Fri
Nov 2 2007
01:26 pm

Well, I found something that I can offer that will probably even appeal to the real progressives here (who, I don't believe, think I'm one of them, but that's OK). [I'm grinning, kids!]

Are we in danger of losing patriotism in favor of nationalism?

I have found more from E.D. Hirsch, Jr., whom I'm finding is more and more my "Hero du Jour." It was interesting to note that this fine gentleman of culture operates from a place that has, since the earliest times of our country, been a seat of learning and culture, namely, Charlottesville, VA (home of the only legacy Thomas Jefferson ever really wanted, the University of Virginia).

"The love of country — patriotism — is a very different sentiment from nationalism. A fine book by Benedict Anderson, Imagined Communities, beautifully distinguishes between nationalist and patriotic sentiments. Nationalism is an aggrandizing, tribalistic sentiment that defines one’s own group as opposed to alien groups, which are seen as potential rivals or enemies to be overcome or excluded. Patriotism, by contrast, implies love of country without necessarily implying hostility to anybody else. American patriotism is built of shared knowledge, attitudes, loyalties, and values, including the values of nonexclusion, toleration, and respect for other religions and cultures. Americans have proved that it is possible to feel patriotic about a cosmopolitan, diverse country, which is loved more for its vital diversity than for its racial or ethnic purity. That was Walt Whitman’s patriotism, and Herman Melville’s. For most of our history, the United States has imagined itself as a patriotic rather than as a nationalist state. George Washington thought of himself and was celebrated as Cincinnatus, the Roman hero who wishes only to return to his hearth and his farm once the necessary sacrifice and service to the patria is accomplished.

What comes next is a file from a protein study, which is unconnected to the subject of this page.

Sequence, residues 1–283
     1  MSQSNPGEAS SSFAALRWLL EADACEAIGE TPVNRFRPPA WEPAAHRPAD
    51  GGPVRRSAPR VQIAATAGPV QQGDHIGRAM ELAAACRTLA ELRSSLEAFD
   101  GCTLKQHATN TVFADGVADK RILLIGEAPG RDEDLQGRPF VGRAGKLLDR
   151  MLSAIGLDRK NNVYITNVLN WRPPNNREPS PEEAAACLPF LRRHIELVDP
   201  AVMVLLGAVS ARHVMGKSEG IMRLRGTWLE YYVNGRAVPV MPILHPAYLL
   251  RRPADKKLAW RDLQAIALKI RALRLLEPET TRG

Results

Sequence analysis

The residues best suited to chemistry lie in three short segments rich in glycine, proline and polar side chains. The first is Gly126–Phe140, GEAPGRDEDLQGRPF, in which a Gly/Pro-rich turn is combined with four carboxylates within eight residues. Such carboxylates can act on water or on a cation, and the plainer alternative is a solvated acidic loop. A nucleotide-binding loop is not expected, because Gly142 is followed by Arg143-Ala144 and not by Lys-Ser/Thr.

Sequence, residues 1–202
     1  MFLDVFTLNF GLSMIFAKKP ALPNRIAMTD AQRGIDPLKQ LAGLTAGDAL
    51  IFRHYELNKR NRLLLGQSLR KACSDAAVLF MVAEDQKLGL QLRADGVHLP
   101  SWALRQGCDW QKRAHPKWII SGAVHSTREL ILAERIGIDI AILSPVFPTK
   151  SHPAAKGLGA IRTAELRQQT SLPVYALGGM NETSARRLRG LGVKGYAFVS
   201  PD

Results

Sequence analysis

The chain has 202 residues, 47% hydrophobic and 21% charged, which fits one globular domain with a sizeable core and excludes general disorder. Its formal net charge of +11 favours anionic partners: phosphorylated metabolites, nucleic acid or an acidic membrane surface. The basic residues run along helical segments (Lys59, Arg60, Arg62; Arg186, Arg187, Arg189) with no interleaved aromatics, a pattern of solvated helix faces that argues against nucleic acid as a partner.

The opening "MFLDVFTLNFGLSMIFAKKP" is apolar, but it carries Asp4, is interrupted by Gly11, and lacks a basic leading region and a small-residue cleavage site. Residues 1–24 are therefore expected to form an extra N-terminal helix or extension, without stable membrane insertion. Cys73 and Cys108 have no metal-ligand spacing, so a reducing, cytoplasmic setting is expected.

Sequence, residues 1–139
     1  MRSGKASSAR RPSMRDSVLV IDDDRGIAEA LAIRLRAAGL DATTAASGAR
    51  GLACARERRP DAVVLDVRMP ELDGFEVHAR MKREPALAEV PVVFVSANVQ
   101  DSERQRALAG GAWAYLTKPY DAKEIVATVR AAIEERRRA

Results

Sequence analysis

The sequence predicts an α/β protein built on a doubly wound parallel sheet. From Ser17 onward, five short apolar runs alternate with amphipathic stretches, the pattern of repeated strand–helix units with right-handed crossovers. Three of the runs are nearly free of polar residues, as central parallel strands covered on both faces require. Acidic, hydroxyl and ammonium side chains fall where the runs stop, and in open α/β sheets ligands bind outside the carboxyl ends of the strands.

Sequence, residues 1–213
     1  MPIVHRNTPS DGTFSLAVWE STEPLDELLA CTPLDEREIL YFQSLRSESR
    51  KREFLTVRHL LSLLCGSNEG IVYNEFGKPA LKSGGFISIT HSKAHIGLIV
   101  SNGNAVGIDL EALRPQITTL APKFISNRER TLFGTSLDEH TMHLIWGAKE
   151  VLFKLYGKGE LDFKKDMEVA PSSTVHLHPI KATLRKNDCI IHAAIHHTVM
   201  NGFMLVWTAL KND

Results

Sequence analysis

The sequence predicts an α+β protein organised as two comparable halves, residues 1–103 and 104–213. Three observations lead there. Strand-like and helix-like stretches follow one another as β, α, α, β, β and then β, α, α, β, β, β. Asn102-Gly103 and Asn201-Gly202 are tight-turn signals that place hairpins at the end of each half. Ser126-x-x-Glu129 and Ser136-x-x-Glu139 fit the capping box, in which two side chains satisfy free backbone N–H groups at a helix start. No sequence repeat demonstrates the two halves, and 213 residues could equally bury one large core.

To that, Herman Melville added our modern idea of a nation that embraces all races and ethnic groups. He said,
'There is something in the contemplation of the mode in which America has been settled that, in a noble breast, should forever extinguish the prejudices of national dislikes. Settled by the people of all nations, all nations may claim her for their own. You can not spill a drop of American blood without spilling the blood of the whole world…. We are not a narrow tribe of men—No: our blood is as the flood of the Amazon, made up of a thousand noble currents all pouring into one…. For who were our father and mother? Or can we point to any Romulus and Remus for our founders? Our ancestry is lost in the universal paternity, and Caesar and Alfred, St. Paul and Luther, Homer and Shakespeare are as much ours as Washington, who is as much the world’s as our own.'

You might want to read the rest of this wonderful passage (Chapter 33) from Redburn, written in 1849. I won’t quote any more of it here. Suffice it to say that this American idea of a new kind of patriotism and community is a tradition that stretches from George Washington to Horace Mann and Herman Melville to ourselves, and it has not lost its pungency and capacity to inspire.
—E. D. HIRSCH, JR.
CHARLOTTESVILLE, VIRGINIA, 2002"

How could I improve on that?! Ain't even gonna try. But I am gonna think on it. Maybe you could, too.

RB

Lost Medicaid Funding

To date, the failure to expand Medicaid / TennCare has cost the State of Tennessee ? in lost federal funding.